Not long into their excursion, cries of “fire” were heard. Panic began to set in. The speed of the Slocum caused the fire to spread quickly; too quickly! The life boats had burned before the crew could get them into the water. The Klontz’s found themselves with nowhere to go.

The decks soon began to collapse upon the passengers. People were jumping into the water, some women threw their children overboard in hopes they would somehow survive.

Miraculously, a little boy–**John Wesley Klontz–had been thrown overboard. He was one a the few who was pulled from the waters, and could only watch as the Slocum continued to burn at Hunts Point in the Bronx.

Verna Johnson was born in October of 1896 in the small, rural community of Laurel County, Kentucky, to George Washington Johnson and Mary Alpha Carter Johnson. Tragedy struck the Johnson household in double measure before Verna was born. Preceding her birth were twin brothers; Hubert was still-born, and Delbert died at 6 weeks of age. In the early 1900’s, when Verna was around 6 years old, the Johnson’s loaded up their covered wagon, and made the trek to Cincinnati, Ohio.

The rail road had built a station within a mile of her Cincinnati home, and Verna would climb up the old Oak tree near the track and watch the train pulling in, and out of the station. As the train passed, there would be a young man on the caboose, who waved to her. Verna became fond of their ritual, and each time the train came in, Verna found her heart beating wildly at the chance of seeing his handsome face.

One hot July afternoon in 1911, Verna climbed the Oak tree to watch the train. The train pulled in as usual, but this time, she noticed the tall young man stepping off of the train. Her heart began to pound as she watched the young man walk toward her tree. She quickly jumped down, and waited, as he strode toward her.

John Wesley Klontz removed his hat and held it over his heart.

“Afternoon, Ma’am.” John blushed, with a distinct accent.

Verna smiled and curtsied. “Welcome to Cincinnati.” She responded.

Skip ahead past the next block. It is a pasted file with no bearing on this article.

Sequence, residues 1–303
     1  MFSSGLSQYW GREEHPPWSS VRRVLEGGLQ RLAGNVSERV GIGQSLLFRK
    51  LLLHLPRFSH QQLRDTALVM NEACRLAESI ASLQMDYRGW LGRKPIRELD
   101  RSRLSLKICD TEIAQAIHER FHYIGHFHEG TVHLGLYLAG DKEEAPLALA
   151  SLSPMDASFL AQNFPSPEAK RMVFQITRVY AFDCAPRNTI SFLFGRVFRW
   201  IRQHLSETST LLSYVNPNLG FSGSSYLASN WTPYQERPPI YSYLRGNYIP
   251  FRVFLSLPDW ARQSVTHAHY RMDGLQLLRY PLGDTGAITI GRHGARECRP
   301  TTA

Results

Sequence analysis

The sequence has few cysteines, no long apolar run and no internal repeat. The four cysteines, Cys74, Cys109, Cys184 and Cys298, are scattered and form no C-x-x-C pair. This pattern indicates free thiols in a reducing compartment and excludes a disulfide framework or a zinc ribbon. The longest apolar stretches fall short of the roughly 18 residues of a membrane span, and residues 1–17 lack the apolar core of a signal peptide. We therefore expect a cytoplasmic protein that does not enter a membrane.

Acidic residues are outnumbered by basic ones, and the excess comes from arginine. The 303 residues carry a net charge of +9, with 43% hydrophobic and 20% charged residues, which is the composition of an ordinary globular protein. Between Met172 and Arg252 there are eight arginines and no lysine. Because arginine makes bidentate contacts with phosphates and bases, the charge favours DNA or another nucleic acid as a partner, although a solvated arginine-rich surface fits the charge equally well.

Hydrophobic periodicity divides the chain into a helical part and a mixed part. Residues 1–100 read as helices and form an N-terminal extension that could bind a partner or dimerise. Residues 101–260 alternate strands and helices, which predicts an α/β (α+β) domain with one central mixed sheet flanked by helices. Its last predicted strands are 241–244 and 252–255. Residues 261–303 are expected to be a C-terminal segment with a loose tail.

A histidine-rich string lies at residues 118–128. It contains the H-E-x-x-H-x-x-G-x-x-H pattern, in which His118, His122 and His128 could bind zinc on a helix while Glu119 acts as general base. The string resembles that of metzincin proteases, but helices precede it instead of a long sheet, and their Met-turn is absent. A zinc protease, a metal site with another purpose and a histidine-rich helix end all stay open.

They became fast friends, and within a month, John asked Verna to be his bride.

“Happy Birthday to you, happy birthday to you, happy birthday dear Verna, happy birthday to you!” Verna smiled as she closed her eyes and made her wish. She drew in a deep breath, enough to blow out all 15 candles at once.

As they sat around the table that October afternoon in 1911, Verna looked at the faces of her family, and smiled. She had reached a milestone, and this was the reason they celebrated. She was 15; a woman by modern day standards, and on this day she would become Mrs. John Wesley Klontz; the wife of the German Immigrant. A few months afterward, John and Verna left Ohio, and moved to Ottumwa, Iowa.

Grandma Verna raised Margie, after Margie’s mother passed away during an epileptic seizure, when she was 9 months old. At 18, Margie entered the Navy, met Carol Eugene Mason, married and began a family. After 6 children, time and money had not allowed the trek to Iowa all too often, and in 1998, it had been over 8 years since Margie had seen Grandma Verna.

By this time, Grandma Verna had reached another milestone in her life. In October of 1998, she had celebrated her 102nd birthday. Margie had not been able to attend, so when November rolled around, close to her own daughter’s birthday, they decided to celebrate by making the trip to Iowa. Margie and her girls spent the weekend of November 14th with Grandma Verna and their great Aunts and Uncles, re-living the past adventures of Grandma Verna, sitting in the tiny living room of the 1-bedroom home Verna still lived in.

Upon arriving back home, Cheryl noticed the Mother-in-laws tongue plant that Verna had given Margie 30 some odd years ago, had bloomed. Even though the plant had bloomed once since Margie received the plant, it should not have bloomed until another 50 years had passed. Cheryl sensed in her spirit that Grandma Verna would soon be going home and, in December of 1998, three weeks after their visit to Grandma Verna, she passed from this life, into life forever, leaving the legacy of 102 candles behind.

*Based on the life and times of my great-grandmother, Verna Klontz. Although the events of the Slocum are true, it is pure speculation that John Klontz was the little boy who survived. It was used to enhance the story of my grandmother’s meeting of her husband, John.